Thursday, June 25, 2020

Samuel Sandmel on Making Many Books

"A lover of scholarship must in our days wonder if the explosion of learning has not yielded a superabundance. So great a flow has there been of books and essays that no one can keep up with it, as the honest scholar admits. The superabundance in part is marked both by an immense quantity of repetitive writings on the same general subject, and also by articles, some enlightening, but some confused and confusing, on minor points, marked by special theories ingeniously designed to solve the unsolvable." (vii)

"There is no ready cure in our time for the demands of specialization which tend to restrict broad study. Hence, only one who has had the privilege of not years, but decades of study can partially escape from a preoccupation with only a single area of the several here dealt with. Even such a person cannot achieve fullest mastery in all this variety. If I were to set forth a claim of some tolerable mastery, it would be in Bible (Old Testament0, in hellenistic Judaism, and in New Testament. I am experienced in Rabbinic literature, but am by no means an unqualified expert; I have studied and taught the Apocrypha and the Dead Sea Scrolls, but make no claim of special eminence. The full mastery of all these literatures, and of the scholarly writings about them, are beyond what one man can achieve in the normal span of a single life. I have dared to hope that where expertise has eluded me, responsible competency has not." (viii-ix)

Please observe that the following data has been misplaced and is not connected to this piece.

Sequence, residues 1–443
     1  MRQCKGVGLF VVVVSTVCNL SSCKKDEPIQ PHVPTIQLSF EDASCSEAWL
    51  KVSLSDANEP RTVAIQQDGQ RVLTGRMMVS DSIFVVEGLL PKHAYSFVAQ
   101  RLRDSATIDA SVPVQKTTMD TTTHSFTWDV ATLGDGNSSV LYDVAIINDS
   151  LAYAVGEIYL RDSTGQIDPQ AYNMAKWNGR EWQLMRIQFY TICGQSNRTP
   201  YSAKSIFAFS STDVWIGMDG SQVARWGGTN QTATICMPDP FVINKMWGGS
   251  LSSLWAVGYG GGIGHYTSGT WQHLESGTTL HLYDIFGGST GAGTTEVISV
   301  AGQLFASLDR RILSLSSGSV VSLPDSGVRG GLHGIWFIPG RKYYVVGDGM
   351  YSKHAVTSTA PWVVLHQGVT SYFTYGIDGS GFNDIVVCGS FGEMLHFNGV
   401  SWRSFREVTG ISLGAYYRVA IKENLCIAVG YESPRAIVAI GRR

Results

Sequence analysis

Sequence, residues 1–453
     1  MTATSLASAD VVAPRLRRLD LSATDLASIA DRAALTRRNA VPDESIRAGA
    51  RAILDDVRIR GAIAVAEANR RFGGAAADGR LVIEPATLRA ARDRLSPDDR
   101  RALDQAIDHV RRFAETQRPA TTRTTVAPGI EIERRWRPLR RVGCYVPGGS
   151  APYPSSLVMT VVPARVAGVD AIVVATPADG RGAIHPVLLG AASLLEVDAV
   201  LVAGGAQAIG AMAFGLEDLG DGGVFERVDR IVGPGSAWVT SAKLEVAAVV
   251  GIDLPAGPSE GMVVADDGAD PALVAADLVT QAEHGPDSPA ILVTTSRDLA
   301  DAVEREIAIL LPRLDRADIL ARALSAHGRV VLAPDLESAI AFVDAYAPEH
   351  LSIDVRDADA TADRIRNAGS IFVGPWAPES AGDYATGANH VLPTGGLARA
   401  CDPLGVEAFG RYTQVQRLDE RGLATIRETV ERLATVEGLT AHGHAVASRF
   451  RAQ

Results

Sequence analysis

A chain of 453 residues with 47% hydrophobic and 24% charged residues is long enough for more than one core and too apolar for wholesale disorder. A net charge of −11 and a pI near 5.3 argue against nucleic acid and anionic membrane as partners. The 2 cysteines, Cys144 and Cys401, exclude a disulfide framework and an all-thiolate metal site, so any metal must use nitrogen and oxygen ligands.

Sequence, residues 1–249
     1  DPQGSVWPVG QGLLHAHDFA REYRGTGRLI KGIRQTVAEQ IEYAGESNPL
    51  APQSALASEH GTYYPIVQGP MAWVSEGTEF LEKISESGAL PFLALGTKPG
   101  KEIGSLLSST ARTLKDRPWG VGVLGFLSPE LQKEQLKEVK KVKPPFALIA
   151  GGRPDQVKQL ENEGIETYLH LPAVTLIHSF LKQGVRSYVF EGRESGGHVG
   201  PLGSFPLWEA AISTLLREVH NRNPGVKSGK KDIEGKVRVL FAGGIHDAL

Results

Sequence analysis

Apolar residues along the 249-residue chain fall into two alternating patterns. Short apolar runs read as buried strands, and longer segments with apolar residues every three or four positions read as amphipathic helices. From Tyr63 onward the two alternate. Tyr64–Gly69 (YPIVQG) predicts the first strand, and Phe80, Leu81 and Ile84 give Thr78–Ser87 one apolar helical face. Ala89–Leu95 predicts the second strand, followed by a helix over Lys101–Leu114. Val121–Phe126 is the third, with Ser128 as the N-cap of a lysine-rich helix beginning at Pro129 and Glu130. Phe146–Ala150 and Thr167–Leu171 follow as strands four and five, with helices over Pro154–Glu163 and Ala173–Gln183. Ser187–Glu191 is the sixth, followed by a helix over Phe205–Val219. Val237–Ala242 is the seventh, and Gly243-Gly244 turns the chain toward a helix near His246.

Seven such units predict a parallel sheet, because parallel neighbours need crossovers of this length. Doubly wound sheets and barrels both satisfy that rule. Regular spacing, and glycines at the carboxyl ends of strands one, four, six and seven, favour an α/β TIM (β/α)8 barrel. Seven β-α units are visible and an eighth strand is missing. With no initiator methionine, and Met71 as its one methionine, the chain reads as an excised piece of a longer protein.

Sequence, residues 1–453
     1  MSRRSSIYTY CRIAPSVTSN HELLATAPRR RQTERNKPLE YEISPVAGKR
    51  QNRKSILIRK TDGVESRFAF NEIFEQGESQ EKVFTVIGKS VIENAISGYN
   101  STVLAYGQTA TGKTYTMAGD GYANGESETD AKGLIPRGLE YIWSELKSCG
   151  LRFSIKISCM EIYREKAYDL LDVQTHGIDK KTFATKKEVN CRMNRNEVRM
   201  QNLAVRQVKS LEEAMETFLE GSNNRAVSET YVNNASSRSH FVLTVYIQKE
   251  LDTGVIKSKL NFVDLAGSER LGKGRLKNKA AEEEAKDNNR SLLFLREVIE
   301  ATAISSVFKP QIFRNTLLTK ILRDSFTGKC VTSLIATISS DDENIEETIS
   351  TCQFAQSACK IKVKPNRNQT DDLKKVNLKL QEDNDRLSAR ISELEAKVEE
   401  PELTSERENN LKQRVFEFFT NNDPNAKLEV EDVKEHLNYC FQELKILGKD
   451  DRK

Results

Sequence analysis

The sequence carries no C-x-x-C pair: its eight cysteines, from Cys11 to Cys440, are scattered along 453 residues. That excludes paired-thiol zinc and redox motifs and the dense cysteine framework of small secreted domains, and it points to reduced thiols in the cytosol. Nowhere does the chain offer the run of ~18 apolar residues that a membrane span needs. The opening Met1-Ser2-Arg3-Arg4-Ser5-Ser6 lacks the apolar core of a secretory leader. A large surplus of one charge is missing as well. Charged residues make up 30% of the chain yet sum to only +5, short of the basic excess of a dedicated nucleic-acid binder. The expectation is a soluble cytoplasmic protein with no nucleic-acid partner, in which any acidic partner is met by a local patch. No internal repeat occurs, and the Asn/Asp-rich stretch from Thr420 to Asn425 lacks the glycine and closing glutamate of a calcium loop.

From the preface to Samuel Sandmel's Judaism and Christian Beginnings (New York: Oxford University Press, 1978).